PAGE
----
A VPN will make it appear like your connections is coming from a different machine, Geo-location or even country.

This is useful for streaming services such as Kodi, NetFlix, Hulu or Pandora etc. These companies do not broadcast all content outside of the US, meaning you may not be able to access the video you need.

A VPN will change your IP address, allowing you to appear as if your machine is in the required country and stream till your heart’s content.

2. Hide/Mask your Geo-location

By masking where your connection is coming from, you are able to access otherwise restricted content.

For example, you’re visiting another country outside of the US or UK and your favorite team is playing, you want to log into your account and watch the game but you can’t because most services block access from foreign IP’s.

By changing your location, using a VPN you can appear to be in the country required and you can access whatever it was you needed to access as if you were sat at home.

3. Encrypt Your Data

Think about how many times you access the internet, be it at home, work or via public WiFi spots. The data you send a receive is out there for anyone and everyone to see, which is especially worrying when hackers and those with malicious intentions are around.

The trouble is, you simply don’t know who’s snooping on your online activities. It could be your neighbor, the government or even your ISP.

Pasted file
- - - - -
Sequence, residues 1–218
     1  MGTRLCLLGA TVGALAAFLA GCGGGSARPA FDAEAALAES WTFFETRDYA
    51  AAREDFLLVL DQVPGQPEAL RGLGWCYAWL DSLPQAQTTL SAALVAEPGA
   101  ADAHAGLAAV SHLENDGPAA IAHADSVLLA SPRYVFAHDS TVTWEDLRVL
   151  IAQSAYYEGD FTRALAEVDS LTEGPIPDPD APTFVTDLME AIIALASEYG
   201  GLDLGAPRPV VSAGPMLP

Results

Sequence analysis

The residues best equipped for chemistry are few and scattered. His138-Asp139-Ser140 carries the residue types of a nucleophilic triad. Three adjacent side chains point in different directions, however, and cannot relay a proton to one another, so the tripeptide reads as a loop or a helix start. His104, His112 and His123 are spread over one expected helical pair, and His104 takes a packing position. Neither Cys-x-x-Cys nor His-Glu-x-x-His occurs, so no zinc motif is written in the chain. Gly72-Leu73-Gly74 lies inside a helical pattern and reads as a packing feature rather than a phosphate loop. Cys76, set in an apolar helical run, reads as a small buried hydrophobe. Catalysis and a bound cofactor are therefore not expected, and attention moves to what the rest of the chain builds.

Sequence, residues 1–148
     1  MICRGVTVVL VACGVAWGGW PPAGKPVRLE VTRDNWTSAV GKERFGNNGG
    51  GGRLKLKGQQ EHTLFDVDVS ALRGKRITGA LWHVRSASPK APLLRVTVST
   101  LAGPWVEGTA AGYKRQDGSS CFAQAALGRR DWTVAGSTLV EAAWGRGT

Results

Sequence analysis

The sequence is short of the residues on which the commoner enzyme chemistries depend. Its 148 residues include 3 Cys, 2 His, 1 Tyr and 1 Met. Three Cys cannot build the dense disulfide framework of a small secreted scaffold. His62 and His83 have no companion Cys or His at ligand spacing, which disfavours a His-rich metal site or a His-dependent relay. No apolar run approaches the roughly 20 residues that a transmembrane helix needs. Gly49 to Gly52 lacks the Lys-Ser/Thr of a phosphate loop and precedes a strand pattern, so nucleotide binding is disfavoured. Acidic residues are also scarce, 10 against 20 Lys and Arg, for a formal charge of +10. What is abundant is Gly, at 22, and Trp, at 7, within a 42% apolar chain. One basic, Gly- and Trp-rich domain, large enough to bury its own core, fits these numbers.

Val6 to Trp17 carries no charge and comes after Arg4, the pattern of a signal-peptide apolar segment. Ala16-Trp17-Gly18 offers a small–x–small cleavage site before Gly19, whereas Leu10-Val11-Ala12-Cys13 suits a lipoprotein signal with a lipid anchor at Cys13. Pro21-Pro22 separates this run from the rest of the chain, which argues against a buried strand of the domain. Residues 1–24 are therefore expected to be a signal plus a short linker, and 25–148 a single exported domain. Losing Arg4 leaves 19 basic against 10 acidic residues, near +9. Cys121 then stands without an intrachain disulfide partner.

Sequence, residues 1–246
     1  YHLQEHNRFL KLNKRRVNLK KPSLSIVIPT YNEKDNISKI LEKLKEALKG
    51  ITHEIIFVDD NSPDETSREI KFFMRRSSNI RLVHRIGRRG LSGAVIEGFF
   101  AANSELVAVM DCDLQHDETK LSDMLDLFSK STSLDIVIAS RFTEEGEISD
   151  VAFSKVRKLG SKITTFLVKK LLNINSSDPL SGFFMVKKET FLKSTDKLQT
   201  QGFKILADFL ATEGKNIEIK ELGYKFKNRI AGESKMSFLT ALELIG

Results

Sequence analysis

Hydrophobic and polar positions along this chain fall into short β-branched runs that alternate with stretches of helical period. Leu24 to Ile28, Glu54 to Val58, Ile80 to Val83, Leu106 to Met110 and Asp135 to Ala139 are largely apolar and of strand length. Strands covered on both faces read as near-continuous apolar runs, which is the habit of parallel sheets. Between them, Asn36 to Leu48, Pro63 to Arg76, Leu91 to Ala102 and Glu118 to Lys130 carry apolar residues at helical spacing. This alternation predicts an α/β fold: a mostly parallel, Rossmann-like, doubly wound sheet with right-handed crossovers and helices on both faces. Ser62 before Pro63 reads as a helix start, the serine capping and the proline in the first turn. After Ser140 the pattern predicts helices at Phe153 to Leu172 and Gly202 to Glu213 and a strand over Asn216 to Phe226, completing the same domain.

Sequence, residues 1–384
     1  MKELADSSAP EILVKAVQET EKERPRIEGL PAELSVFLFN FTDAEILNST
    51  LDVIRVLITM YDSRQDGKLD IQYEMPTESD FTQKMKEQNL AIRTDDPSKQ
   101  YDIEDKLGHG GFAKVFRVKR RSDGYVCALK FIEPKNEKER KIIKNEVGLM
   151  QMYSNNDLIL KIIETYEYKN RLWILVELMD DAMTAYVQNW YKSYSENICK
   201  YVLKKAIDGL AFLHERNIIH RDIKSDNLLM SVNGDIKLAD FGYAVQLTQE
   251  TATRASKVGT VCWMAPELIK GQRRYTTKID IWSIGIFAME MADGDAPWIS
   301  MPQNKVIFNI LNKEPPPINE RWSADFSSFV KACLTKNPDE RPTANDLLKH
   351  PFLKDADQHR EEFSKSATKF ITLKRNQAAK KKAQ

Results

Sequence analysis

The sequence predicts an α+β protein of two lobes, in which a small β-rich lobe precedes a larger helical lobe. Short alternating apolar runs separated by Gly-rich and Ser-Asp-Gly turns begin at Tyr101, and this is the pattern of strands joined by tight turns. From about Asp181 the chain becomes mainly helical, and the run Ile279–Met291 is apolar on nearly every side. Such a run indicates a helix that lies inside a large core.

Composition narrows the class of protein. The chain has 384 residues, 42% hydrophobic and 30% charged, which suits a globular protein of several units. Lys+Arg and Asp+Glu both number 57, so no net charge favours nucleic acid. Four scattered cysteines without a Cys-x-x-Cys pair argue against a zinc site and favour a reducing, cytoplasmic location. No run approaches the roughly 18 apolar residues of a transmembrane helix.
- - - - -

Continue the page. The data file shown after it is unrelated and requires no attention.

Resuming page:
A VPN is a layer of security whenever your shopping online, check your internet banking, sending emails, checking out social media, watching videos or paying bills.

4. Access blocked/censored websites

Many countries, such as China, Egypt & Cuba censor much of what their residents can access online, whilst also monitoring what you do online.

If you reside in one of these countries, using a VPN server will allow you to “tunnel out” from behind the firewall and view the entire world wide web.

What are the disadvantages of a VPN?

There aren’t many disadvantages to using a VPN other than the potential to slow down your connection speed.

This is a major bug for most of us, and on average you could be looking at a reduction of around 10-20% in your internet speed.

With that being said, there are a number of other reasons which affect your internet speed…such as:

  • The quality of your ISP
  • Your Geographic location
  • The location of the VPN server
  • The websites you are accessing
  • Your computer’s processing power

All of these will have a much larger impact than using a VPN and I feel like using a VPN and having a slightly reduced connection speed is a small sacrifice to pay for increased security and data protection.

What to look for in a VPN?